Archive for August, 2010

Dealing with Idiots

Posted in Reviews with tags on August, 2010 by melendwyr

I’ve lately come to remember why I don’t read or respond to mtraven, owner of the Omniorthogonal blog. In short: he’s a fool.

See this post and its associated comments. Consider particularly this bit:

The essential difference between mathematics and the natural sciences is that theorems of mathematics can be proved, whereas theories of natural science can only be disproved. You would not say that mathematics was empirical if you understood the nature of proof.

Both statements are wrong. Disproof is equivalent to proof of its negation; if it were not possible to prove statements about natural science, disproof would be equally impossible. If mathematical statements could not be disproven, they couldn’t be proven either.

‘Proof’ as it is meant in mathematics means that a stated derivation of an assertion has been generated through application of logical operation from more rudimentary operations, and this derivation has been evaluated as valid by analysis. It is fundamentally empirical.

As for ‘social construction’, see the Stanford Encyclopedia of Philosophy on the concept. mtraven is utterly and completely wrong about what it means to say that a thing is socially constructed. The Wikipedia entry on the subject is perfectly acceptable, although mtraven rejects it out of hand.

Thoughts on the Iraq and Afganistan Wars

Posted in Uncategorized with tags , , , on August, 2010 by melendwyr

What follows is a brief excerpt from The Art of War:

1. Sun Tzu said: In the operations of war, where there are in the field a thousand swift chariots, as many heavy chariots, and a hundred thousand mail-clad soldiers, with provisions enough to carry them a thousand LI, the expenditure at home and at the front, including entertainment of guests, small items such as glue and paint, and sums spent on chariots and armor, will reach the total of a thousand ounces of silver per day. Such is the cost of raising an army of 100,000 men.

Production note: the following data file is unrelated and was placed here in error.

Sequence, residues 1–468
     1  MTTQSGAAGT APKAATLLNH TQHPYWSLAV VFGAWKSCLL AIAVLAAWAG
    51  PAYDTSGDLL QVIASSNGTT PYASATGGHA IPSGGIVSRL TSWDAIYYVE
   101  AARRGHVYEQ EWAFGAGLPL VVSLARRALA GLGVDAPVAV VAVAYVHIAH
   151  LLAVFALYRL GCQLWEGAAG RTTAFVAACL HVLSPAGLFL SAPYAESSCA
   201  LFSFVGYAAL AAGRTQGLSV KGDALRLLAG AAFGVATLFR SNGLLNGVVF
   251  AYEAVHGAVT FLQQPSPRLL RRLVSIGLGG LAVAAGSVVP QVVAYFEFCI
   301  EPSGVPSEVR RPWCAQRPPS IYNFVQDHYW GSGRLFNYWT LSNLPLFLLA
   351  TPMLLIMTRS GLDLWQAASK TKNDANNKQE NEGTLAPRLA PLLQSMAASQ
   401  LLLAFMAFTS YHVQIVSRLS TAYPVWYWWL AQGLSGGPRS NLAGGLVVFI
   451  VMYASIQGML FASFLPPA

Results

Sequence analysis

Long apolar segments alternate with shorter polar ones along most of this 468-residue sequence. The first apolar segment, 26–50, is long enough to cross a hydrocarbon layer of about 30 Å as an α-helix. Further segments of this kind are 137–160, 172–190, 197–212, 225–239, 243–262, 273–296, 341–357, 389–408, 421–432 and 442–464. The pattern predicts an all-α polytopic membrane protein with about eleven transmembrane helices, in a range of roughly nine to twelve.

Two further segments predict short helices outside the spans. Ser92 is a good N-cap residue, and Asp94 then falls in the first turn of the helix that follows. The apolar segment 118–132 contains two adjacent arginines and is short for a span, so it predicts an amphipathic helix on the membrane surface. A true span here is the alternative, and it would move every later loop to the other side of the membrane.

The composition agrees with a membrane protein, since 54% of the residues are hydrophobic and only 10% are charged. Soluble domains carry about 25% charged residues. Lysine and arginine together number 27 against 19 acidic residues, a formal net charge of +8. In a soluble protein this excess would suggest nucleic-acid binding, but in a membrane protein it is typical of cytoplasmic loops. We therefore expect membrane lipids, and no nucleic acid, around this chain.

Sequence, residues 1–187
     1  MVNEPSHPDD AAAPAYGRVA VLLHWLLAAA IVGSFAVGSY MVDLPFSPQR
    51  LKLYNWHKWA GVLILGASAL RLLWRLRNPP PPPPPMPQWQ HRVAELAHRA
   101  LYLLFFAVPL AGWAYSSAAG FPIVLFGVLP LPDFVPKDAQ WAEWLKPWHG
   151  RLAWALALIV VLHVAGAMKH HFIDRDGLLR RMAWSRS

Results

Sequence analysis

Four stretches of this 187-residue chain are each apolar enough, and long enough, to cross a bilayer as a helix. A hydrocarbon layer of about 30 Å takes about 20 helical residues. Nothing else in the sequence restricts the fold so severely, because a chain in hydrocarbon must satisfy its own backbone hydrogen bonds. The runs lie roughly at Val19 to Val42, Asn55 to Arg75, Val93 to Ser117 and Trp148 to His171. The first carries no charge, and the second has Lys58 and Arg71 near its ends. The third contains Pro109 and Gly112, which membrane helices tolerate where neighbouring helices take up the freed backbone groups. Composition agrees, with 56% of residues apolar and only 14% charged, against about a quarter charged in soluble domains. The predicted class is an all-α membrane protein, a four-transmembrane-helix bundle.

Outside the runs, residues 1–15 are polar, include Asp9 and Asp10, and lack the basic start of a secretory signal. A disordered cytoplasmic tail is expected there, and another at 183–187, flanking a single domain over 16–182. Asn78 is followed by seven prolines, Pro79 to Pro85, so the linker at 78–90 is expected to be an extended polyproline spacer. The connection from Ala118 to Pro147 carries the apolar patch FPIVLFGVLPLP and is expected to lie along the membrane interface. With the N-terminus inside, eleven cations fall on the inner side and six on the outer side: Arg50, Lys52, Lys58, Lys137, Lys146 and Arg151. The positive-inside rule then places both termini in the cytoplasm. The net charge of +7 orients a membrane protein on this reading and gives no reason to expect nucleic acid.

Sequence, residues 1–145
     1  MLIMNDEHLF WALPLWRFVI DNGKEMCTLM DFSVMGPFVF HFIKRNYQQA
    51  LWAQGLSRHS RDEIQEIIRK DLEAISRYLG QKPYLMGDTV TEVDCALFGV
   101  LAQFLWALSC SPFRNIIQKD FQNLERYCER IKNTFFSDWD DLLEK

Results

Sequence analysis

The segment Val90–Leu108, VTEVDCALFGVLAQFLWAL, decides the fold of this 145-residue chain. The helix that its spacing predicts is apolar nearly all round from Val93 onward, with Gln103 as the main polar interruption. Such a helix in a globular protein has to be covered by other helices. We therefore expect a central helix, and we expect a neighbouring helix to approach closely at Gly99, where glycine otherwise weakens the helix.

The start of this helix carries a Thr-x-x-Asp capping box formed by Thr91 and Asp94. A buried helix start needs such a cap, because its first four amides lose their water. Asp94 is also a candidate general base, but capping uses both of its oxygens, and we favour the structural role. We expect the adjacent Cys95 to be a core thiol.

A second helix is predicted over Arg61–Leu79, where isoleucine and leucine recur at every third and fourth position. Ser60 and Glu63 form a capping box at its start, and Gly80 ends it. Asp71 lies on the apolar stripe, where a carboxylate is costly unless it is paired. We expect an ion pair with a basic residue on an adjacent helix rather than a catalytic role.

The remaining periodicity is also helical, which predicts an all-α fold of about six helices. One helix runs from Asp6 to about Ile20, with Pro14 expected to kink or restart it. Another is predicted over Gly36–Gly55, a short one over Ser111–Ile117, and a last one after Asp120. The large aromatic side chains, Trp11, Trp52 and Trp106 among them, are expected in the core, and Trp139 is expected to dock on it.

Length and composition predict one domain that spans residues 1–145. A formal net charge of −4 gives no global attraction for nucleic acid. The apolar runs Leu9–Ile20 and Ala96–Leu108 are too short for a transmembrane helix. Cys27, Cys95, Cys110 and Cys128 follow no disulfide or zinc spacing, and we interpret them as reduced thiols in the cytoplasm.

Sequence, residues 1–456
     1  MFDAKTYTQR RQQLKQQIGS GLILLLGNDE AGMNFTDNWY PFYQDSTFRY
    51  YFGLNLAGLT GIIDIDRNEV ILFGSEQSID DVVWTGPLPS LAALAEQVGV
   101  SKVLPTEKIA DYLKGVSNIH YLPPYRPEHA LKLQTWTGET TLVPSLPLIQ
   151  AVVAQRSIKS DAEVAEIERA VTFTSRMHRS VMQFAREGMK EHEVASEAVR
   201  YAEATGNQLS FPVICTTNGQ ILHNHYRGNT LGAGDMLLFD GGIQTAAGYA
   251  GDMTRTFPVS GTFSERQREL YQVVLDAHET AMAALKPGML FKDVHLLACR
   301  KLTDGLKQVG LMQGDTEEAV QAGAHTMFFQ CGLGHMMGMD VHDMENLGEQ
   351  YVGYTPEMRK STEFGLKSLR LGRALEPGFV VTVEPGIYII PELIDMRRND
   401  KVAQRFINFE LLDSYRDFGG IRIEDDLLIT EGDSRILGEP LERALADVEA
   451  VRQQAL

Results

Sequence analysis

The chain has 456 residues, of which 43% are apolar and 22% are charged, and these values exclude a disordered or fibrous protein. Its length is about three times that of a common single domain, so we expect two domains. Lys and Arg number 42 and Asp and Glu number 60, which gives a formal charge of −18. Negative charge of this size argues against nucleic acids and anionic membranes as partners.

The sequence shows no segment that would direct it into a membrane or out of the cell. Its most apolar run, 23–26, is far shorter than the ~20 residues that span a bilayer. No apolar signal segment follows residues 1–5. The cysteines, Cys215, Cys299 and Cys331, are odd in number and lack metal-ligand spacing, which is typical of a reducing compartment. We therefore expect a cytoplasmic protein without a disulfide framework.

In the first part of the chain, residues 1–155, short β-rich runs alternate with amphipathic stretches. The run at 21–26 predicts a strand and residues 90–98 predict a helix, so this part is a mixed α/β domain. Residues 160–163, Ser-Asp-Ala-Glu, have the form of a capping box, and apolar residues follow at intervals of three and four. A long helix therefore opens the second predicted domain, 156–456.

2. When you engage in actual fighting, if victory is long in coming, then men’s weapons will grow dull and their ardor will be damped. If you lay siege to a town, you will exhaust your strength.

3. Again, if the campaign is protracted, the resources of the State will not be equal to the strain.

4. Now, when your weapons are dulled, your ardor damped, your strength exhausted and your treasure spent, other chieftains will spring up to take advantage of your extremity. Then no man, however wise, will be able to avert the consequences that must ensue.

5. Thus, though we have heard of stupid haste in war, cleverness has never been seen associated with long delays.

6. There is no instance of a country having benefited from prolonged warfare.

7. It is only one who is thoroughly acquainted with the evils of war that can thoroughly understand the profitable way of carrying it on.

8. The skillful soldier does not raise a second levy, neither are his supply-wagons loaded more than twice.

Compare this ancient advice to our war on two fronts, and see where we measure up. We’ve spent billions upon billions of dollars on these disastrous conflicts (and can’t even account for where tens of billions ended up). We’ve extended the tours of duty for our soldiers, and then we extended them again. We’ve gotten no support from the societies we’re supposedly trying to help, because we’re trying to generate a new societal structure from the ground up.

I understand that there still isn’t a functioning Iraqi government more than five months since elections were held, because no one got a majority and the various factions can’t agree on how to share power. That’s just fantastic.

The Decline and Fall of the Roman Empire

Posted in Politics and Society, Reviews, Things You Should Read with tags on August, 2010 by melendwyr

I’d heard of Edward Gibbon’s great work even as a child (Dairine Callahan claims it’s the last book she read when her computer is compiling her profile in High Wizardry, but I’d never read it. Then I found an abridged version at a used book sale and bought it up immediately.

It’s very old-fashioned, which is no surprise given it was written in the eighteenth century, but entertaining in a slow way. In some places, in a rapid way. Chapter Fifteen is possibly the most drolly tongue-in-cheek material on the absurdity of Western religion I’ve ever read, and the book was well worth reading for it alone.

It’s very interesting trying to determine which of Gibbon’s conclusions are fully derived from the data, and which are the conclusions he’s building through selective perception and presentation of specific evidence. I have nothing to point to which suggests that he’s skewing the data he’s feeding us, but there is of course the inevitable distortion that all information acquires when passing through a sentient mind. The very vividness of language that makes the history a pleasure to read also makes me wary of its persuasiveness.

Definitely something you should take a look at if you get the chance.